The statistics are staring us in the face. They are beyond alarming. They are a call to action.
- Suicide is the 10th leading cause of death in the United States.
- Each year, over 40,000 citizens die by suicide.
- Nationally, 129 people commit suicide each day – with 1.4 million attempts per year.
- 20 veterans commit suicide each day across the nation.
- The veterans’ suicide rate is more than double the rate of the general population – 30 suicides per 100,000 veterans.
Suicide, particularly amongst our military veterans, must be addressed. That is why, as the Chairman of the Senate Veterans Affairs & Emergency Committee, I am focusing attention on this issue by way of roundtable discussions to be held across the state this summer.
On July 15th, Congressman Scott Perry and I kicked off the roundtable tour, and we were joined by Adjutant General Anthony Carrelli, Human Services Secretary Teresa Miller, who chairs the Governor’s Task Force on Suicide Prevention, as well as a number of federal, state, and county officials, local non-profit organizations, and veterans’ service organizations.
The group discussed efforts on all levels of government to combat veteran suicide and how best to coordinate efforts. Of every 20 veterans, 14 receive no VA services. This can be due to reasons ranging from veterans not recognizing themselves as such or veterans simply not knowing how to navigate the host of services available to veterans.
Fortunately, there is a national Veterans Crisis Line (1-800-273-8255 and press 1), which is ready to assist any veteran in a time of need, and there is the Suicide and Trauma Reduction Initiative for Veterans (STRIVE) Program. So, it is clear – efforts are being made to help our veterans, but the numbers clearly indicate we need to do more.
Roundtable attendees also discussed Public Service Announcements to eliminate the stigma associated with veterans seeking services, changing qualifications for military service as it relates to medication, more comprehensive assistance upon deployment to help with acclimation, as well as additional VA Centers, County Veterans Courts, Veterans Services in Prisons, and Veterans Services Officers – all in order to get veterans the services they need.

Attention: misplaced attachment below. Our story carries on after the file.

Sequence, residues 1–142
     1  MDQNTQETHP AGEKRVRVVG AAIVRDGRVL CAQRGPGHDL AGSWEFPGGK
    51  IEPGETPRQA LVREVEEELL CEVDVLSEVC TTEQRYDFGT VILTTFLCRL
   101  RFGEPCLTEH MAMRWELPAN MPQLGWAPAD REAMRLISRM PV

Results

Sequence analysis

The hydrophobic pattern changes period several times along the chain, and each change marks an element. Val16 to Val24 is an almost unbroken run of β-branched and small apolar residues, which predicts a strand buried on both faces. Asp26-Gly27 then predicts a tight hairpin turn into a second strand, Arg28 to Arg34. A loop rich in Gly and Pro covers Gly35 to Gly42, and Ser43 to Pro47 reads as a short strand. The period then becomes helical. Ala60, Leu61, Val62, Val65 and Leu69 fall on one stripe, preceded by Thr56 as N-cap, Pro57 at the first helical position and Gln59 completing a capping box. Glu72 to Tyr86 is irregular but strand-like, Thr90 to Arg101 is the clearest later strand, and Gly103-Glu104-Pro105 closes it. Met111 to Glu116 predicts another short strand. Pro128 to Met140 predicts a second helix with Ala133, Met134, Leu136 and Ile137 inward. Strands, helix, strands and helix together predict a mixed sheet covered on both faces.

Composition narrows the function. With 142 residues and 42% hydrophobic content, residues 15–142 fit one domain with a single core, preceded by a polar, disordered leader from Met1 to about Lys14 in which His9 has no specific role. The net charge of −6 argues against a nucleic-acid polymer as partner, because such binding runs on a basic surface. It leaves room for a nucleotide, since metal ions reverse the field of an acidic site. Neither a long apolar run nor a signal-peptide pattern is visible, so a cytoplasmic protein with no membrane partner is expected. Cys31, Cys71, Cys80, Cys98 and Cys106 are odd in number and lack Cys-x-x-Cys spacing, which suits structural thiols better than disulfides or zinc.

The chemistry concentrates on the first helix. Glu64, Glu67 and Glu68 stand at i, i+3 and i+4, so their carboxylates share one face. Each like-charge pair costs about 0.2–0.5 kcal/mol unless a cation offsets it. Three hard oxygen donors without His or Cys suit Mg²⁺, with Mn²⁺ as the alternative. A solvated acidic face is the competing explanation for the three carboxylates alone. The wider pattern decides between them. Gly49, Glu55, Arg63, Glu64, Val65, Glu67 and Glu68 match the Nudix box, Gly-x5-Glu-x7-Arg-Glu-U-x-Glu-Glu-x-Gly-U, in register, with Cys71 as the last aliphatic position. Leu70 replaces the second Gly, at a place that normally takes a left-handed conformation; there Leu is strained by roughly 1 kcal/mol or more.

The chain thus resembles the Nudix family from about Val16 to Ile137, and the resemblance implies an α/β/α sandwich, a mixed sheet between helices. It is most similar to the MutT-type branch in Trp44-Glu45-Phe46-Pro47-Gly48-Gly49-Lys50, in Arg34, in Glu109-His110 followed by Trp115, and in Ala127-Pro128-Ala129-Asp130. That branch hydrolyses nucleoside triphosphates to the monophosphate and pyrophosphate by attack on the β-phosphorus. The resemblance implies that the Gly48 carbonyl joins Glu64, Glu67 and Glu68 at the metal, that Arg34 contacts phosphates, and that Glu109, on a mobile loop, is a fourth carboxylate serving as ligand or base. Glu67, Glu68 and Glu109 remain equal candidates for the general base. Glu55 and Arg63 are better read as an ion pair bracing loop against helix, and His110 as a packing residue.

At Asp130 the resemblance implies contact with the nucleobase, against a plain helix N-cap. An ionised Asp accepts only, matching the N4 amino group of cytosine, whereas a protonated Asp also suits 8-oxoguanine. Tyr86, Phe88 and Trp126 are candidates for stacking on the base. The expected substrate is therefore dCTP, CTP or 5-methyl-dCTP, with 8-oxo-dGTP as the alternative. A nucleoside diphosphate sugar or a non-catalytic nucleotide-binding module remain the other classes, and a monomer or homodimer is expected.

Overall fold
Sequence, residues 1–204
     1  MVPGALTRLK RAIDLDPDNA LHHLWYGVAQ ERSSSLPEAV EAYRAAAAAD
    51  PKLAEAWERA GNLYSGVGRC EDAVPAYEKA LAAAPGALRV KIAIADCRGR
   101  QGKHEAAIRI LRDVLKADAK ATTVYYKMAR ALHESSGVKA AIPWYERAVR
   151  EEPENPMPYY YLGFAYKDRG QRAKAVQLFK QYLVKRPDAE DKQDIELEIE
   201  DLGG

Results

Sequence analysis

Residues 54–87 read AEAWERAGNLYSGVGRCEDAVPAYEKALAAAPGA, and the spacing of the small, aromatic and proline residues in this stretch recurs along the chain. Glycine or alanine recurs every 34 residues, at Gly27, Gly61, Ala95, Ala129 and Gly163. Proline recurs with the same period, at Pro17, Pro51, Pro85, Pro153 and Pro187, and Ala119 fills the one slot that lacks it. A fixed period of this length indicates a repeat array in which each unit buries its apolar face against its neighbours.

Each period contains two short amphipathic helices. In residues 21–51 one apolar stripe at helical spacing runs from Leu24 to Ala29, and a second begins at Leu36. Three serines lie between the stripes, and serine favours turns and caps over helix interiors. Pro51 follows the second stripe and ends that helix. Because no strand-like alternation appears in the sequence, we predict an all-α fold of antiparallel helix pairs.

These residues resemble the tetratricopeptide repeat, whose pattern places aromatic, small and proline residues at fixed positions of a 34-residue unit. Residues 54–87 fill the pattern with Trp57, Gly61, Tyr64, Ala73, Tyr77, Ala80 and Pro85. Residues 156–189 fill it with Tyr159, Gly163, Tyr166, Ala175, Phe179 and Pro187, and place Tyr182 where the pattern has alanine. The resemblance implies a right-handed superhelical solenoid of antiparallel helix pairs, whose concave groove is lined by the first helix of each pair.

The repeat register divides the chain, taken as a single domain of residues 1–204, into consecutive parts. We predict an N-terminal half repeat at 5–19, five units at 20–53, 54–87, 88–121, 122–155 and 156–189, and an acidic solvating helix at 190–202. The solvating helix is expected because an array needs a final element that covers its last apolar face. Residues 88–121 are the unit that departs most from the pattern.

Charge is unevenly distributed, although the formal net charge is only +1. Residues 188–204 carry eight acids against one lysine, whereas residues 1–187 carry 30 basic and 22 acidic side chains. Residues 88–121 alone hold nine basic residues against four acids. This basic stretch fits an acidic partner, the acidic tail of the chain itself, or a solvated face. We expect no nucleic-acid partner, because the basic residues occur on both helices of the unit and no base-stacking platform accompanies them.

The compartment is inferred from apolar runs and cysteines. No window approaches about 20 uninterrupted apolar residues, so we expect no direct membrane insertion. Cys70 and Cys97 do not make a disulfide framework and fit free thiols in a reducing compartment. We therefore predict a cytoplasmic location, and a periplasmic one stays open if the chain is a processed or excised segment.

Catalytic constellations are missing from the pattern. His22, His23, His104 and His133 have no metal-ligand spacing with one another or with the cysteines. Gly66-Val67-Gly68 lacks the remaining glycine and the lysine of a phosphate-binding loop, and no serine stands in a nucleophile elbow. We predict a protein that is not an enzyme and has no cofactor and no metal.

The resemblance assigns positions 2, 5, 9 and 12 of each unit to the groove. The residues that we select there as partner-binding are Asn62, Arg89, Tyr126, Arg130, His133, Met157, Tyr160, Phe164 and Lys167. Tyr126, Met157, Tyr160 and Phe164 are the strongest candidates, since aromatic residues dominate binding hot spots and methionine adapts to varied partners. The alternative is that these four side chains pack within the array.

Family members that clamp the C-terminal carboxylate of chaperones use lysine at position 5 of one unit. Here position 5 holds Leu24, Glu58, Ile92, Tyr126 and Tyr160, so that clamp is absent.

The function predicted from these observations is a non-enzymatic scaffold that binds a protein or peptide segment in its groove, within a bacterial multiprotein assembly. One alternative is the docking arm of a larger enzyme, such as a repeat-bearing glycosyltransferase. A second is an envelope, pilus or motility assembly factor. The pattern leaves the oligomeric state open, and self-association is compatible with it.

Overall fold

There are many factors that can ultimately lead to suicide for any individual, including loss of employment or relationships, homelessness, substance abuse, and changes in physical or mental health.
Veterans can find themselves experiencing any or all of these things when trying to acclimate back into civilian life but especially when compounded with post-traumatic stress injury (PTSI) from their time serving on the front lines.
While post-traumatic stress does not automatically lead to suicide, amongst people who have been diagnosed, approximately 27 percent have attempted suicide.
Again, such statistics are very concerning and have lead me to take action to explore what we can do – as legislators, service providers, and even family members of our veterans.
I do not have any preconceived notion as to the outcomes of the roundtables, whether it is legislation, a change in public policy, funding to an organization, or simply promoting awareness, but ultimately, it is my mission to protect Pennsylvanians and to help save lives.
At this time there are three additional roundtables scheduled:
- August 13th in Erie with Congressman Mike Kelly and State Senator Dan Laughlin
- August 29th in Wilkes-Barre with Congressman Dan Meuser and State Senator Lisa Baker
- September 3rd in Pittsburgh with Congressmen Guy Reschenthaler and Connor Lamb and State Senator Pam Iovino
I am also working with Congresswoman Chrissy Houlihan on one to be held at the Southeast Veterans Center in Montgomery County. Information will be available online prior to each roundtable at: veterans.pasenategop.com.
Last year, I worked with my colleagues on the issue of school safety. Following the passage of Act 44 of 2018, the groundbreaking School Safety and Security Law, we held several roundtables across the state to continue learning what our schools ultimately needed to allow them to continue keeping their students and staff safe.
The conversations during those roundtables were invaluable for the work we are doing in Harrisburg, and I am confident that our efforts with veteran suicide will be just as successful as we continue to hear from those with firsthand experience and insight.